Colombian playmaker Moreno is a fantasy player, the sort who does unbelievable things, a luxury player who never bothers defending- never bothers with any of the "negative" aspects of the game - but the sort who can turn a Match in an instant. He's the kind of player who makes you remember why you love football. Elegant, technically perfect, athletic and gifted with superb imagination and vision, Colombia's National team ought to be built around him for the next ten years. His first Season with Racing Club in Argentina instantly confirmed his promise - here was a player seemingly worthy of comparison to the Leagues MVP, Juan Roman Riquelme, and bearing some similarities as a player - and he has been consistently linked with Porto among several big European clubs. A serious injury early in the Season has ruled him out for the remainder, severely damaging Racing's hopes but probably ensuring he stays in Argentina for another Season at least.

Diego Rubio of Colo Colo (Chile)

This 17 year old Chilean striker has goals in his blood. Son of former Colo-Colo forward Hugo Rubio, his brothers both play professionally in Chile and legendary striker Ivan Zamorano (ex-Real Madrid and Inter Milan) is his Godfather. So it's perhaps no surprise that he has scored five goals in his first three appearances for Colo Colo, and that there have already been calls for his selection for the Chilean squad. I've only seen highlights so can't really comment on his style as a player, but you can't argue with this impact or the finishing in this clip:

Ruben Botta of Tigre (Argentina)

This 21 year old attacking midfielder has risen to prominence this year back in Argentina at Tigre, after a baffling spell on-loan at FK Ventspils in Latvia. He came through the youth system at Boca Juniors, and can play both as playmaker and on the left side of midfield. He is exciting and inventive on the ball, with an eye for the spectacular and he seems to be growing into his talent, a good sign in a creative player:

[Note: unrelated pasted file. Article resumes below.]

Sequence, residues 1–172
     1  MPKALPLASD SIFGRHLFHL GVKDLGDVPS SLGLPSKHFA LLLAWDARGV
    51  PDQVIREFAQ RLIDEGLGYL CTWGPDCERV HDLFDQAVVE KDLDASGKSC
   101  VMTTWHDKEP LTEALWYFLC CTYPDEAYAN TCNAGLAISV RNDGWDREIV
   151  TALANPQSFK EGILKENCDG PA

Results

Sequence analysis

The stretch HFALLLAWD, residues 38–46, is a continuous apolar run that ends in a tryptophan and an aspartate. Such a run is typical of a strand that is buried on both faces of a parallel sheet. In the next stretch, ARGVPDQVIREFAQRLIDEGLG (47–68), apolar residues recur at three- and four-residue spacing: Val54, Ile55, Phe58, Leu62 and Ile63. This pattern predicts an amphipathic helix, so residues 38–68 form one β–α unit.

Ivan Pillud of Racing Club de Avellaneda (Argentina)

Pressure? Try the Coach of your National Team invoking comparisons to a living legend and claiming that you can replace him. Thats what Argentina Coach Sergio Batista did when he discussed 24 year old Right Back Pillud in the same breath with Javier Zanetti. But watching Pillud for Racing Club this Season, the comparisons make sense. In a 3-4-3 formation which demands most from its wing-backs, he is a force of nature up and down the flank, displaying attacking threat, defensive sense and quite awesome stamina. He debuted at Tiro Federal in the Argentine Second Division, moved briefly to Newells Old Boys before a big transfer to Europe and Espanyol. There he barely played, and went back to Racing on loan last year. After early injury problems he has been a revelation, and is a contender for a spot in the Argentina Squad for the Copa America this Summer.

Raul Ruidiaz of Universitario (Peru)

Universitario Desportes are one of Lima's, and by extension Peru's big two alongside Allianza Lima, and their big homegrown success over the last few seasons has been 20 year old Ruidiaz, a forward heavily linked with Udinese, who probably see him as a replacement for bound-for-a-bigger-club Alexis Sanchez. The similarity there would be Ruidiaz's penetrative dribbling ability and recent nose for goal. Far from the finished article, he shows undoubted talent and promise, and a move to the right European club in a year or two might be just the thing for his development.

Bryan Carrasco of Audax Italiano (Chile)

Almost a Brazilian-style full-back in that he can play purely in defence, as a winger or as a marauding Wing-back, Chilean Carrasco has gained some notoriety of late due to a ridiculous simulation during a Chile-Ecuador U-20 Qualifying fixture a few months ago where he slapped himself in the face with an opponents hand then dived to the ground clutching himself. Vile as that behaviour may be, Carrasco is an exciting, enterprising defender, strong and fast, confident on the ball and hard in the tackle. Tottenham Hotspur have been consistently linked with him, but at 20, he's only been in the Audax Italiano Senior team since the start of this Season and perhaps needs a little more experience before he makes such a move.

Santiago Garcia of Nacional (Uruguay)

Stocky, explosive 20 year old Uruguayan striker Garcia has scored 39 goals in 69 games for Nacional of Montevideo as well as 5 in 9 for the Uruguayan U20 team. It's a matter of time before he is fighting for a place in the senior squad alongside Forlan, Suarez and Cavani, and probably only a matter of time before he's playing in Europe, too.

  • 101 Great Goals
  • Football 365
  • Guardian Football
  • Hasta el Gol Siempre
  • BBC Football
  • Football Shirts